Fall 2016 SEMINARS - November 9 2016

Seminar on Iranian Studies

The third meeting of the 29th consecutive year of Columbia University Seminar on
Iranian Studies for the academic year 2016-2017 will take place on:

Wednesday, November 9, 2016
at 5:30 pm in the
Faculty House of Columbia University
Our speaker will be

Prof. Ali Mirsepassi of NYU
Who will lead the discussion on:
Ahmad Fardid: Philosopher or Magician?
with a movie on his life, ideas and influence.

We will gather in the lounge of Faculty House from 5:00-5:30. 
Seminar will start at 5:30.
Please notify us at: aa398@columbia.edu if you will attend the lecture. (Please also specify if you will stay for dinner. The price of dinner will be $30, payable by check only.)

We are looking forward to the pleasure of seeing you at the seminar.
Chairs: Vahid Nowshirvani and Ahmad Ashraf

To reach the Faculty House:
Enter the Wien Hall Gate on 116th Street between Amsterdam Avenue and Morningside Drive. Walk past Wien Hall, then turn right to the Faculty House.


A Documentary Film by:
Ali Mirsepassi, Hamed Yousefi

This documentary explores the life and thought of the Iranian “anti-Western” philosopher, Ahmad Fardid (1910-94). Fardid, known as the Iranian Heidegger, coined the concept of Gharbzadegi (“Westoxification”), a neologism that became instrumental in critiquing the experience of Iranian modernity as culturally “debased” and spiritually “dehumanizing.” Fardid offered the notion of Maʿnaviyat-e Sharghi (Eastern Spirituality) as the authentic source through which the secular and materialist experience of modern Iran could be transcended, giving way to a genuine mode of “being in the world.”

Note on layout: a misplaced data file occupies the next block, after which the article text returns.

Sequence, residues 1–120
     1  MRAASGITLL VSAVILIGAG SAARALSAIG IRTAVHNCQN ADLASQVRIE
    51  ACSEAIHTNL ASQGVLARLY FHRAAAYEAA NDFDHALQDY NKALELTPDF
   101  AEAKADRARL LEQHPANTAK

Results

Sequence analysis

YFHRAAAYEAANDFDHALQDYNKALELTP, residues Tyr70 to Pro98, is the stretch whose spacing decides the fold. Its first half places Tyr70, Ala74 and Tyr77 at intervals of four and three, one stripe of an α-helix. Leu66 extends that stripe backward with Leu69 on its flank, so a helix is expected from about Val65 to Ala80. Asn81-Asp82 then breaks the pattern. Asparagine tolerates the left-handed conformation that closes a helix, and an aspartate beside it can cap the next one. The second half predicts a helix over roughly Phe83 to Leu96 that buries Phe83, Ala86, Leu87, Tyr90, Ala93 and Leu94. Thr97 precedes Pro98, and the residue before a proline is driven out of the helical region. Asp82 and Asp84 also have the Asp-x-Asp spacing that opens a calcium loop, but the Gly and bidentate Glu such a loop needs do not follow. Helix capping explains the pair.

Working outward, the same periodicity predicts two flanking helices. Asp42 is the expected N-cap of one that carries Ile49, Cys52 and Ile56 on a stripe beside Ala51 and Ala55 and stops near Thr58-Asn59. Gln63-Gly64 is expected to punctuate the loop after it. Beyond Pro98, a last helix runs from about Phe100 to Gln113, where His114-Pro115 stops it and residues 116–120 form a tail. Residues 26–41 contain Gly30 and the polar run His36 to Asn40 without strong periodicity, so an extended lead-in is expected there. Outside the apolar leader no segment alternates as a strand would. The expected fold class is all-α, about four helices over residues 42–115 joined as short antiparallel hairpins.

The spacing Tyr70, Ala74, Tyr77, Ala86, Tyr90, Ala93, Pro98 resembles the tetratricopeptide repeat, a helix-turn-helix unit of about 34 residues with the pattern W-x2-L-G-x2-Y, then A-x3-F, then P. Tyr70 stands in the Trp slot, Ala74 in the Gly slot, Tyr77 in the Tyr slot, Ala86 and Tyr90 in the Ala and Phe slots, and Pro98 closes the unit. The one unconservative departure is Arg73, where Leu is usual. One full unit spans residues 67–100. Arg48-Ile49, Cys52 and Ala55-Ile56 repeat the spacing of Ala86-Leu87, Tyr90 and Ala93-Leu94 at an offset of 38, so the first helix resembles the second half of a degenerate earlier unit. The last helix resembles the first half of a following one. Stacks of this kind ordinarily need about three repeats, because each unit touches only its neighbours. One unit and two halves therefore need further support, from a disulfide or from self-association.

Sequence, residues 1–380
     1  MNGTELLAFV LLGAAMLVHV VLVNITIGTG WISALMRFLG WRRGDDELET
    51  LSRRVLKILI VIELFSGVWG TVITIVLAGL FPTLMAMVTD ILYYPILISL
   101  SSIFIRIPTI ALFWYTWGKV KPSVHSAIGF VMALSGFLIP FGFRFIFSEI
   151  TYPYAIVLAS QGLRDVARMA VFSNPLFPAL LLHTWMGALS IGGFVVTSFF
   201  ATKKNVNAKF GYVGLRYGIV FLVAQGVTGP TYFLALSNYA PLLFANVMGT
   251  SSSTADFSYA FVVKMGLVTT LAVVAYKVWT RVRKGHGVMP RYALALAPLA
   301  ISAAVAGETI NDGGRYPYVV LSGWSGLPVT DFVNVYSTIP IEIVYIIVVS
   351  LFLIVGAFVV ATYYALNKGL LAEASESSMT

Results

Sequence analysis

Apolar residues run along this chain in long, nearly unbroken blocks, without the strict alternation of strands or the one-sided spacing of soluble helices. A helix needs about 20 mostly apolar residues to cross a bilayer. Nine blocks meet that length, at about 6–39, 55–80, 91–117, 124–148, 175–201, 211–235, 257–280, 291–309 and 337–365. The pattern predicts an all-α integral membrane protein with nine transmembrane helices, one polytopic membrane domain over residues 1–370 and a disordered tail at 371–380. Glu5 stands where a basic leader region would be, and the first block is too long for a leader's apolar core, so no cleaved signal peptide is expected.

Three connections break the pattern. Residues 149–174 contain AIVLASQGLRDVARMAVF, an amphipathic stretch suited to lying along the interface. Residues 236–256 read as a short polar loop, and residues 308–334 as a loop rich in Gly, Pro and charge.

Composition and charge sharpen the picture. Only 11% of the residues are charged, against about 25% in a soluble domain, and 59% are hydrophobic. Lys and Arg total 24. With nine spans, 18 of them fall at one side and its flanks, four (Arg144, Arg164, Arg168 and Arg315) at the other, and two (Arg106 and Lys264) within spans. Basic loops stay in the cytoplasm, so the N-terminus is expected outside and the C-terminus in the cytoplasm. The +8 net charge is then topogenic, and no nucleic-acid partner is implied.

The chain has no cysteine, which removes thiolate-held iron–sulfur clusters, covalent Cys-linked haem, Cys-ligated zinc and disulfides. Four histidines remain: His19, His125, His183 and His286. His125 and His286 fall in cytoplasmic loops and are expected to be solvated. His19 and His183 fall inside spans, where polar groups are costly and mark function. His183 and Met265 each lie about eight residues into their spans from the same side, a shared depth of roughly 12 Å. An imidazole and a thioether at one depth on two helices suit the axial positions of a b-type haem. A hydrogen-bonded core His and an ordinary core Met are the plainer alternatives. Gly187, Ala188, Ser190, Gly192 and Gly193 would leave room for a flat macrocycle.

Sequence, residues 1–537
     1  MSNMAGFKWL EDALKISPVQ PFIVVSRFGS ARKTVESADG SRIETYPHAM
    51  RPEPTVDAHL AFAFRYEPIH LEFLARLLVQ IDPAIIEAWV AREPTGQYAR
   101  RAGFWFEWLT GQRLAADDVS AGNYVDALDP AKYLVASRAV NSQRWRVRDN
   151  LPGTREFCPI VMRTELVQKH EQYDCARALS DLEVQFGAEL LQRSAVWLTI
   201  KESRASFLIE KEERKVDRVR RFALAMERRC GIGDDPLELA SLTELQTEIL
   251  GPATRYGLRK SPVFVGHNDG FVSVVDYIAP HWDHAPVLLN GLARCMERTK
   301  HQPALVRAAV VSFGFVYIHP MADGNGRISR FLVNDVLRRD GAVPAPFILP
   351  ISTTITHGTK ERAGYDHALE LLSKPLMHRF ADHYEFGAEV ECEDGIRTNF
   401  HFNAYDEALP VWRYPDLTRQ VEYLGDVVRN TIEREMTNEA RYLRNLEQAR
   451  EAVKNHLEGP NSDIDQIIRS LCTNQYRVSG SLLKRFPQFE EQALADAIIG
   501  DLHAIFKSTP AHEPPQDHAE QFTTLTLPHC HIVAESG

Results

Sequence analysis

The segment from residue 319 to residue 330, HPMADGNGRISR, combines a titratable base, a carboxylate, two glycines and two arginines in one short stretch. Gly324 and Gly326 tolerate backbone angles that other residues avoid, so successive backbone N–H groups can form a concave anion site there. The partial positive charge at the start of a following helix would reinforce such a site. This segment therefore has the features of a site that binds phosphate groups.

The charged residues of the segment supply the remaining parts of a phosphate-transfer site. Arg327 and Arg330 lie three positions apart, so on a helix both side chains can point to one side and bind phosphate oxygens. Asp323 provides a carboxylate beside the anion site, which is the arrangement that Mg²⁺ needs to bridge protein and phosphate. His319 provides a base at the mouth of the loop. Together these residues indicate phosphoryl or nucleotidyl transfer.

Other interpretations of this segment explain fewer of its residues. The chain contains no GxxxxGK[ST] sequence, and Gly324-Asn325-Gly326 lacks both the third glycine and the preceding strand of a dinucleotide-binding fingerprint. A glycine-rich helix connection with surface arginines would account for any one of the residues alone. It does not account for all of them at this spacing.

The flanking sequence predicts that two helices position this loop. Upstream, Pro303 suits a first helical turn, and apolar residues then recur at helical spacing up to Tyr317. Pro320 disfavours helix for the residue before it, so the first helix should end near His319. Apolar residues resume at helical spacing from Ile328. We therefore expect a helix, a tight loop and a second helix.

This film chronicles the life of a “restless” philosopher and his mission to launch a militant assault on a perceived “Westoxicated” Iran.  To this end, Fardid constructed a “mystical” and “spiritual” political philosophy – strongly suggestive of his principle influence, German philosopher Martin Heidegger – rooting national identity firmly in the Iranian/Islamic tradition. In post-revolutionary Iran, Fardid became the self-proclaimed philosophical spokesperson for the Islamic Republic.

Ali Mirsepassi bases this documentary on a book project on the life and thought of Ahmad Fardid. The film features extensive interviews with Fardid’s former colleagues, associates, students, as well as scholars of modern Iran, and uses rare and previously inaccessible materials, including footage of Fardid’s debates featured on Iranian television.

Bio Notice:

Ali Mirsepassi is a professor of Middle East and Islamic Studies and Sociology at New York University. He is the co-editor (with Arshin Adib-Moghaddam, SOAS, University of London), of The Global Middle East, a book series published by the Cambridge University Press. He was a 2007-2009 Carnegie Scholar and is the recipient of several national and international awards, including a 2001 Best Researcher of the Year Award, a teaching award from Tehran University, and an Award for Outstanding Service from the Institute for International Education Scholar Rescue Fund in 2014. Mirsepassi is a member of the Board of Trustees of Hampshire College, Amherst, Massachusetts.

He is the author of Transnationalism in Iranian Political Thought (Cambridge University Press, Fall 2016), Islam, Democracy, and Cosmopolitanism, with Tadd Fernee (Cambridge University Press, 2014), Political Islam, Iran and Enlightenment (Cambridge University Press, 2011), Democracy in Modern Iran (New York University Press, 2010), Intellectual Discourses and Politics of Modernization: Negotiating Modernity in Iran (Cambridge University Press, 2000), and Truth or Democracy (published in Iran); coeditor of Localizing Knowledge in a Globalizing World (Syracuse University Press, 2002). He also produced, in 2015, a documentary film based on his forthcoming book about Ahmad Fardid, who is best known as the Iranian Heidegger.